I’ll have to test the waters before saying anything. Maybe his brother is also queer; us middle kids seem to be the ones who always bend societies norms (don’t trust me on this, it has not yet been proven that the second borns are the most likely “gay of the family”).

But there is another problem; I am not ashamed of who I am or who I’ve become. But I also love the past me that my friend knew. If he knows what I am now, if he finds out that I am ace, that I like girls and that I am genderqueer, the image of what I was before will be erased from his memory. And I don’t want that. I guess I have some serious issues when it comes down to letting go of the past, mainly because my life when I was seven is so radically different as it is now. I love both and want both, but now I have to choose one. Strangely enough, I have the same hairstyle as back then. Maybe that can help a bit.

So we go back down to the “not trans enough”

I haven’t mentioned this before, but ever since I have began to interact with “real life queer people”, I have become friends with people like P, who I have already talked about, P’s girlfriend and L. L and I have become good friends because we are the same age and we are going through the same circumstances and situations at school and in life in general. The other day, though, L told me that P isn’t trans because he doesn’t want to be a boy, referring to the fact that he is non-binary, has no preference for pronouns and hasn’t undergone surgery.

P was telling me a while ago how he had bought a binder and how he was planning to have top surgery as soon as he could pay for it and convince his parents. I also know that he has been through a lot of difficult experiences because of his identity, so I didn’t really like L’s comment. But it isn’t the first time I hear people saying that non-binary people aren’t really trans, or completely ignoring or invalidating their existence.

I am also non-binary, but I can tell you that I very well am trans. I have somewhat found a way to feel comfortable with my body and have accepted the way society may perceive me and my gender instead of letting myself succumb to dysphoria. Who says I am not trans because I sometimes use the girls’ toilets? Shall I tell them about how hard it is to not be able to listen to Korean music regardless of how much I love it because of the amount of jealousy I feel towards the singers? Do I have to mention that just the other day I was insulted while walking down my very own school because of my gender expression? Do I have to give explanations as to why I like wearing pink, why I giggle sometimes or how I cry when watching “Bridge to Terabithia” for the fifth time even though I identify as a boy? Do they not understand that I don’t want to undergo surgery, that I love my body, that my fear of injections is much bigger than my fear of being misgendered by a stranger? Did they know that I say I’m comfortable with my body but still spend half an hour in front of the mirror deciding which clothes to wear because I don’t want my breasts to show or my hips to be noticed?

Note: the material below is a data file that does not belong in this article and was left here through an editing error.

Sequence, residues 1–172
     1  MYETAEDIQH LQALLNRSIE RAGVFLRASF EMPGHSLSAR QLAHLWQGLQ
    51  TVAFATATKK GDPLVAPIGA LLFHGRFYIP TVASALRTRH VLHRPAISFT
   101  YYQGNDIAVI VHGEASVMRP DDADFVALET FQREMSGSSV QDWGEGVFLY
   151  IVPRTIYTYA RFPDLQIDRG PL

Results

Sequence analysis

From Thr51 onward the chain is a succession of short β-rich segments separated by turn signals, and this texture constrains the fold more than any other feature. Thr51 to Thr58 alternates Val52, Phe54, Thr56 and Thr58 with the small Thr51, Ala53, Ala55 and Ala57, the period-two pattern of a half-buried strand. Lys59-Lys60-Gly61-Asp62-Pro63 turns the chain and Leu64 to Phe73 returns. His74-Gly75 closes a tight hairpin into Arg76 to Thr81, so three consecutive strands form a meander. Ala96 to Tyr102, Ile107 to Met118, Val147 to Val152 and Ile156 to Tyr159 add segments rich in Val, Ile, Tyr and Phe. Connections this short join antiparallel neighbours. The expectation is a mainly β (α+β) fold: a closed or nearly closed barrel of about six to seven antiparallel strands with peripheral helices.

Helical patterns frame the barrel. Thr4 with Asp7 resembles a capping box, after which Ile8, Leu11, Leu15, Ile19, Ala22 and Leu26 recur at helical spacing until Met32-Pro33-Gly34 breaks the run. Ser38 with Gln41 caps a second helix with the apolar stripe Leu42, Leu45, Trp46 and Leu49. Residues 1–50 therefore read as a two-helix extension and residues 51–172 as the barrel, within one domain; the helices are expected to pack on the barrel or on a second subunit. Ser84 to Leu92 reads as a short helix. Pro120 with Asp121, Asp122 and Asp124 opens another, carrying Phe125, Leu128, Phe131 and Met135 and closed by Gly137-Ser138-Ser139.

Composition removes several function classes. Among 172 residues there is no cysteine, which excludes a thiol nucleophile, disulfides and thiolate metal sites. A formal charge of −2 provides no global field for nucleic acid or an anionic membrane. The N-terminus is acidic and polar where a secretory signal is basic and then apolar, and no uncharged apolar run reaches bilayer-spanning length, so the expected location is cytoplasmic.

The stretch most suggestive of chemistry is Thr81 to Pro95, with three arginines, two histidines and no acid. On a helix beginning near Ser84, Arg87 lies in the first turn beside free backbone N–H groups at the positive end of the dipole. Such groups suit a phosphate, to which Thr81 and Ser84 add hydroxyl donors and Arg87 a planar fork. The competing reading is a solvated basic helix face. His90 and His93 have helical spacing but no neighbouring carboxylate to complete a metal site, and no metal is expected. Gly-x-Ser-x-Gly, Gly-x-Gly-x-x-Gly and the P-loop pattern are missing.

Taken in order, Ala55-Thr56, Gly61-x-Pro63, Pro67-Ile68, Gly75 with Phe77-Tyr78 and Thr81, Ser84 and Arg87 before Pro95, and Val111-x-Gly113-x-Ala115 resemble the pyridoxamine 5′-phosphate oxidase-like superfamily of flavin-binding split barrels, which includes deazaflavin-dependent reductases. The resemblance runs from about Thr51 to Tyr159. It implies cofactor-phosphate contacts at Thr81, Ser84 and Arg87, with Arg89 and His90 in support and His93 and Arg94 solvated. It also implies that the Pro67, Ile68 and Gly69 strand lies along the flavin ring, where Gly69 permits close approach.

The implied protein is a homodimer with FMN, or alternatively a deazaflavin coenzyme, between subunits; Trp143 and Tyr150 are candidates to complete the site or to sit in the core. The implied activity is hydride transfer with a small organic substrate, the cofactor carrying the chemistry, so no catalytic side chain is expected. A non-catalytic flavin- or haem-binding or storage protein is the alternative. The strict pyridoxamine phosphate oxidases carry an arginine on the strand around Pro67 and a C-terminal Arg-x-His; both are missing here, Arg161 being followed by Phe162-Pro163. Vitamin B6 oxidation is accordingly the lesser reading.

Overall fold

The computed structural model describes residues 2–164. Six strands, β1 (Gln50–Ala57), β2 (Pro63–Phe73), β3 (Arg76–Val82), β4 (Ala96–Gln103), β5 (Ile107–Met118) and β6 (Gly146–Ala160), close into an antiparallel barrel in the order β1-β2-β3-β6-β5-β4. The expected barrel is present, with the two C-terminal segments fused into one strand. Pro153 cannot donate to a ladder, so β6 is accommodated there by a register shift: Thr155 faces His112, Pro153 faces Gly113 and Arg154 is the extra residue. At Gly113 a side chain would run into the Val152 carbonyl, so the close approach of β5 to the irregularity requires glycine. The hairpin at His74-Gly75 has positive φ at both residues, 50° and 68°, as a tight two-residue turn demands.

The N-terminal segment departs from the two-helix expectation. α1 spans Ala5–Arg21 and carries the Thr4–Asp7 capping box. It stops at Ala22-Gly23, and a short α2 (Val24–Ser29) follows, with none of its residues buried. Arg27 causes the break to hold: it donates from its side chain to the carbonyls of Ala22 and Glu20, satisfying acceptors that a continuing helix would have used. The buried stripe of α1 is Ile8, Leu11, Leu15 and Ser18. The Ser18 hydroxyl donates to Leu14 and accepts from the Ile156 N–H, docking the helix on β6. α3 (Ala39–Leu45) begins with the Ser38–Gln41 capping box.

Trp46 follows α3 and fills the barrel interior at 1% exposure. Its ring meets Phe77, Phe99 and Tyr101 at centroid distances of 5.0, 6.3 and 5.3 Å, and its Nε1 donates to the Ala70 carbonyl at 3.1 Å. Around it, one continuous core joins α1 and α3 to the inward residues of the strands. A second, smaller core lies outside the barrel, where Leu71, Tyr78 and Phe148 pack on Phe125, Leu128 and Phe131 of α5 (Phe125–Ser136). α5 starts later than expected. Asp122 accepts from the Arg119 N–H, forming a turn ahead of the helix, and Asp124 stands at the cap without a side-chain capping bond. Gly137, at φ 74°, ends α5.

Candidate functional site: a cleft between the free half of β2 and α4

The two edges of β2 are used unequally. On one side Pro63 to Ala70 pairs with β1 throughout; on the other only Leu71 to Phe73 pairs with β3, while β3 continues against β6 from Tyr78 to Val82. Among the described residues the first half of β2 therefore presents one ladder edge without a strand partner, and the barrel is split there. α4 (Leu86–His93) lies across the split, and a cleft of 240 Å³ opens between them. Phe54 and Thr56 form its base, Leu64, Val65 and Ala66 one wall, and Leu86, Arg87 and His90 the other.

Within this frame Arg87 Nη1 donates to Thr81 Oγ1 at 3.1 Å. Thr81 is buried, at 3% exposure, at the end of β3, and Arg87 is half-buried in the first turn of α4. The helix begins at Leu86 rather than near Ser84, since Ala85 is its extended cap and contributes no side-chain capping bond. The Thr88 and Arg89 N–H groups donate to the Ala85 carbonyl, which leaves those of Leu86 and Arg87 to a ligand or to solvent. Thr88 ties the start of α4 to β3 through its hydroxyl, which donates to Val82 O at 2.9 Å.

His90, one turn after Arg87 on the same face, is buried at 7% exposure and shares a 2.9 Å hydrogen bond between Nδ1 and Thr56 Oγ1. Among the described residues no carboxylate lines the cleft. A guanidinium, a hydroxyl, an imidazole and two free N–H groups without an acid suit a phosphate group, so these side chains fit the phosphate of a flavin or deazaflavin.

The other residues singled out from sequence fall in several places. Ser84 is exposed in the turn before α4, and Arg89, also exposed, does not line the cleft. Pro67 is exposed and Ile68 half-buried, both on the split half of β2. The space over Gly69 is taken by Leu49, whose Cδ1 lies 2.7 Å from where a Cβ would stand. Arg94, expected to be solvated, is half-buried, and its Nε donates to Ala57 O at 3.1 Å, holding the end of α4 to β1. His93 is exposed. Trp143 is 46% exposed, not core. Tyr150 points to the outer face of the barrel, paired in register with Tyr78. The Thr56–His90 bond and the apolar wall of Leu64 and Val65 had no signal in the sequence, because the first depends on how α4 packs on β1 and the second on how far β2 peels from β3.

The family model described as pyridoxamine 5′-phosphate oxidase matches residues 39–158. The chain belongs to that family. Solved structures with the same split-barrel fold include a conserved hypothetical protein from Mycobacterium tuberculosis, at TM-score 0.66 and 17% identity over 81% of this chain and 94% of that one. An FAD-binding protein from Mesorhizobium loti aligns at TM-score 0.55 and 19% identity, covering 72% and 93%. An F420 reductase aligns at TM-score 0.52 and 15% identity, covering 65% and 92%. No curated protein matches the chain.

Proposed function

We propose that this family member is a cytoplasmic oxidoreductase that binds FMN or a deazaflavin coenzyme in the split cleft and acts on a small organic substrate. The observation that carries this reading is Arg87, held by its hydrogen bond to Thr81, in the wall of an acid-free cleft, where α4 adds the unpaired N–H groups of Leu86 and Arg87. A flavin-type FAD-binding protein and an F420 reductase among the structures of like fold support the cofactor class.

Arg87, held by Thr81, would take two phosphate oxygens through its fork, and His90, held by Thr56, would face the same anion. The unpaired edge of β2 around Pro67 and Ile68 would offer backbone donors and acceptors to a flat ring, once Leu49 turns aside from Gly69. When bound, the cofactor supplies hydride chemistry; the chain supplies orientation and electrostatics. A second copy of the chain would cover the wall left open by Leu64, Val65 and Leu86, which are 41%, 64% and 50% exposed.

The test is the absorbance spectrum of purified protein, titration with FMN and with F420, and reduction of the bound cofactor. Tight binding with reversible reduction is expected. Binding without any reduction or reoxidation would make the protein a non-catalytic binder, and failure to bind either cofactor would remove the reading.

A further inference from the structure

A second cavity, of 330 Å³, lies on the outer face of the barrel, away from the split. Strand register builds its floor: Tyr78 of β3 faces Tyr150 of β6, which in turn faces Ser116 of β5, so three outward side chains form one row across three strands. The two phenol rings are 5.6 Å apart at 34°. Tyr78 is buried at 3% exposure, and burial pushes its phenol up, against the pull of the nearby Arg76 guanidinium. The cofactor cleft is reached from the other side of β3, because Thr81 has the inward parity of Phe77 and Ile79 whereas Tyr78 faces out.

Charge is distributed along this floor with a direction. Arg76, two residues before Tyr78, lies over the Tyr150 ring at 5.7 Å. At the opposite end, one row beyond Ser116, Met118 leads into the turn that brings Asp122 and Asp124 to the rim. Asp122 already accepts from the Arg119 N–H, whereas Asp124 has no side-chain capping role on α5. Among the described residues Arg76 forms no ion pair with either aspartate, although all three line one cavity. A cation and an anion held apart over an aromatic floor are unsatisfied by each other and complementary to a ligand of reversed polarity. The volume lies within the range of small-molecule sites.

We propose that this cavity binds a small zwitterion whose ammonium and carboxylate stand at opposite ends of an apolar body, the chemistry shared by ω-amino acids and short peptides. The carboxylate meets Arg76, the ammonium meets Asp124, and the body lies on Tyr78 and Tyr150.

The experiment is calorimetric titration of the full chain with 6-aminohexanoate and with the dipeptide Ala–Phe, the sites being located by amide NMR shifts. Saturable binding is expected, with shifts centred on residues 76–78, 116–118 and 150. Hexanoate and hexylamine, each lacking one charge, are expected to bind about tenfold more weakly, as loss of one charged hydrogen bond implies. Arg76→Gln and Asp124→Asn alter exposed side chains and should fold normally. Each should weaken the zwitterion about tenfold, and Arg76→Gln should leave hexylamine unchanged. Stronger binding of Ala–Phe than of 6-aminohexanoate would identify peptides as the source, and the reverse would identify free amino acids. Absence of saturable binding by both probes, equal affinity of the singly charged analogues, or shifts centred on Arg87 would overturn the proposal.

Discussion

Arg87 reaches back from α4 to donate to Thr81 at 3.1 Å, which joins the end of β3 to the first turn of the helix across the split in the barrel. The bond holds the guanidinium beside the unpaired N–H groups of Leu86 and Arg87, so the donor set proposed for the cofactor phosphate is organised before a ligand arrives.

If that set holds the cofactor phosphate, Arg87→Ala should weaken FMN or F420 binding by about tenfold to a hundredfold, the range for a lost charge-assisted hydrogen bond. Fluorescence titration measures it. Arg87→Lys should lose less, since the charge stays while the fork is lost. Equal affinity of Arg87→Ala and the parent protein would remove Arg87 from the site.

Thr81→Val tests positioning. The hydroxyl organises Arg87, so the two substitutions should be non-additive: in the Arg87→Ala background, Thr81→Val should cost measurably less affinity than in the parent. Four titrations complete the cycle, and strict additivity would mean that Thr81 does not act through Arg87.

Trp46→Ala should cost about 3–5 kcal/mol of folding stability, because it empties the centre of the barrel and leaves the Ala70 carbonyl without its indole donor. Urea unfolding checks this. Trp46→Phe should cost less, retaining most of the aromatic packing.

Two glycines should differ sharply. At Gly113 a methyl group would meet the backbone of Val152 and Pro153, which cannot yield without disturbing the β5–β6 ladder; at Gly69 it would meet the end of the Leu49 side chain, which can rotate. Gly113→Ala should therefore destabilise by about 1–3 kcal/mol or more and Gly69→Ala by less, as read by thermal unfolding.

Does the way how somebody feels uncomfortable about themselves determine their transliness? Of course it doesn’t. Neither does the way they love their bodies or how they act or the way they express their gender. Surgery, hormones, clothes and experiences are completely irrelevant when it comes to determine a person’s identity. P is trans, I am trans and so is L. And so is anyone else who says they are. We are all just different types of trans.

Thank you, beautiful

I usually only post on weekends, but yesterday I didn’t really write much. Plus, today I am very angry. My day was going fine until 1:30, then one thing after another kept coming up as if trying purposely to make me bothered. It started off with a comment from a girl in my class. She was reading the newspaper and then suddenly started laughing. She had found a headline called “Ku Klux Klan paid a black transvestite for sexual service”. Then everyone started laughing. I don’t understand why in the world the newspaper would think it is appropriate or even necessary to say that Ku Klux Klan was having sex when he was arrested, let alone that it was with a transvestite person –though I have my doubts whether or not the person was really transvestite or preferred some other term that better represents their identity and gender. The only reason to say that the person he was having sex with was black is because Ku Klux Klan worked for a racist organization, otherwise that information would also be absolutely irrelevant.